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Friday, March 31, 2017

The Case Against "Syria's Disappeared"

(quick version)
March 31, 2017

Note: quick version still doesn't mean short version. I weigh in heavily on one aspect. I may do a fuller review later, but maybe not. This may be good enough.

Syria's Disappeared: The Case Against Assad
I was late to learn of this mockumentary recently aired by UK's channel 4, and since gone "viral." Some first links:

from the Guardian link:
"Mansour al-Omari, who courageously smuggled out details of other prisoners written on scraps of cloth in rust and blood." That's got to be real, right? In the program, Omari says a tailor in the cell sewed them up into his collar to smuggle out. We have the smuggled "Caesar Photos," the smuggled "Assad Files (see below)" and now ... "The Mazzeh Scraps"? Like Schindler's List via the Turin Shroud via the Tailor of ... whatever, I'm not good with this part... This is quite a story. It's allegedly been sitting there since (late 2012?) and so far, no one I've noticed has even mentioned it until just now. Is that because it was just dreamed up and fabricated recently? Or because someone was keeping it secret as war crimes evidence? I mean, you don't go smearing that all over the TV news.... at least not until just now, for some reason.

I haven't watched the whole program (various postings around - this one has worked for me so far). Of course, I'm not the target audience, but I for one am never too choked-up-to-think-straight by how the piano notes and "human stories" line up in such videos. I don't trust these people. One important alleged former prisoner is Mazen Alhummada - they show documents that name this guy and say he's wanted for arrest in connection with something - that was alrady noted, and he's stuck to the story he told to Ben Taub last year as Mazen al-Hamada for the New Yorker. For the most part then, 'nuff said already.

I could share my thoughts on him and the other witnesses, but I don't have time to analyze them all, and my initial thoughts were coming out terse and almost vulgar, so ...  let's skip what some would call victim-blaming until I'm better-informed, and take a good hard look at what the hired Euro-American white guy professionals are bringing to the picture.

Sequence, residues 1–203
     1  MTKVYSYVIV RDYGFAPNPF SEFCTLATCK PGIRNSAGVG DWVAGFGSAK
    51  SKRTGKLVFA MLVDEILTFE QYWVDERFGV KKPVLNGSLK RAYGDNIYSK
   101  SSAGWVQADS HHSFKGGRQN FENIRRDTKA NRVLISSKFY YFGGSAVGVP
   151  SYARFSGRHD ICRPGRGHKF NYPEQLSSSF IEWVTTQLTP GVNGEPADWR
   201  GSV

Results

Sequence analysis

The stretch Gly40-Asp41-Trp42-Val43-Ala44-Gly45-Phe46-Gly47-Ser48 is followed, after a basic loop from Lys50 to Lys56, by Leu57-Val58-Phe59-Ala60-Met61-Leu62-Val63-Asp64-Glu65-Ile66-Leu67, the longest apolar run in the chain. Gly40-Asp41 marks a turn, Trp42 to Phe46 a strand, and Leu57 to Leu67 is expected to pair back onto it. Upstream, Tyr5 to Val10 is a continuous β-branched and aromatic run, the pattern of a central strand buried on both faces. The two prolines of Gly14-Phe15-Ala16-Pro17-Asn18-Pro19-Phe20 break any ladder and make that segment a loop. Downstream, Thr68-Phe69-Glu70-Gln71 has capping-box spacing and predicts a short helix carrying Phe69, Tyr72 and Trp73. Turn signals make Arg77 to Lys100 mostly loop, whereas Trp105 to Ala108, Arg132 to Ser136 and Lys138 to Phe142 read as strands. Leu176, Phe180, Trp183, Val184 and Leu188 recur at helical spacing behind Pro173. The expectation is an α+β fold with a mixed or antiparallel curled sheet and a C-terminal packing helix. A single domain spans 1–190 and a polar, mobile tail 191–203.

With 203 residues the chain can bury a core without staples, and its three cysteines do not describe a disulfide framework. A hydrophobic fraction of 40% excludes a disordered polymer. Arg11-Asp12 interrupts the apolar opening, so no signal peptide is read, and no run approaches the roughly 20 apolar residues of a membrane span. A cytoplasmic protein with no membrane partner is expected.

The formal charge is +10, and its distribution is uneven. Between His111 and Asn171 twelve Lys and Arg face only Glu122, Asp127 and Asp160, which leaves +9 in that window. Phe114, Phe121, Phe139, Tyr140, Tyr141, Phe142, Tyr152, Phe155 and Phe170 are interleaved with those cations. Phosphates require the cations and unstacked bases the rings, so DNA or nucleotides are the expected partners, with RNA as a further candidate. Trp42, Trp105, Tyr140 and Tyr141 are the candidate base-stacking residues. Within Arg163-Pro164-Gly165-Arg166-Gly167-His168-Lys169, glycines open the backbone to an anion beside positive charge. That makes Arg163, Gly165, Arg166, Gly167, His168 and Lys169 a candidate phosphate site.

How Bill Wiley Found Nothing and Spun It
And let's skip that smiley goofball Stephen Rapp. He could be just a clueless, senile prop who "might remember the holocaust" and really knows nothing of the direct evidence or the tricks being pulled, and get all his assessments from someone who looks at it for him. (He could also be a directly involved slimeball, I'm not at all sure.)

Let's skip to Bill Wiley, the aged but fit Canadian investigator of war crimes, and at once skip to - paperwork! The video emphasizes this, perhaps knowing their witnesses seem dubious and need the help. To get any screen time, paperwork better be damn interesting. They say it's "thousands" of official documents relating to mass arrests, which rebels seized in various overrun spots. I'll consider what glimpses of these are shared. I'd love to have a look at these things (well-translated), but that won't be allowed.

This is something I took a decent (but somewhat cursory) look at last year when it came up in the New Yorker as the "Assad Files," in the piece by Ben Taub citing Mr. Hamada. Bill Wiley was cited in that, apparently having introduced the witness and the journalist in the first place. He was working on these documents with US lawyer Chris Engels, who led (then if not now) "the regime-crimes unit of the Commission for International Justice and Accountability (CIJA), an independent investigative body founded in 2012, in response to the Syrian war." (read: privately-funded think-tank/whatever they want - funding isn't clear, but likely Saudi, Qatari, etc.).

Engels doesn't seem to appear in this new film, but Wiley does, eagerly, as a central narrator and guide for "Syria's Disappeared." 

After the papers were seized by foreign-supported militants, the CIJA pored over them. It seems evident to me they found nothing real to support their case, just a few things that could be spun as seemingly ominous. (The rebels who found the papers probably saw no value in them either, and gladly let some Western lawyer-types have a whack at the useless stuff. Good call!)

While it's reasonable to wonder if the documents are fake, to me they seem to be genuine, reflecting the methods of stopping what they call a "crisis." Did they know it was all peaceful? It seems like they thought it was violent, but the selective quotations leave this unclear.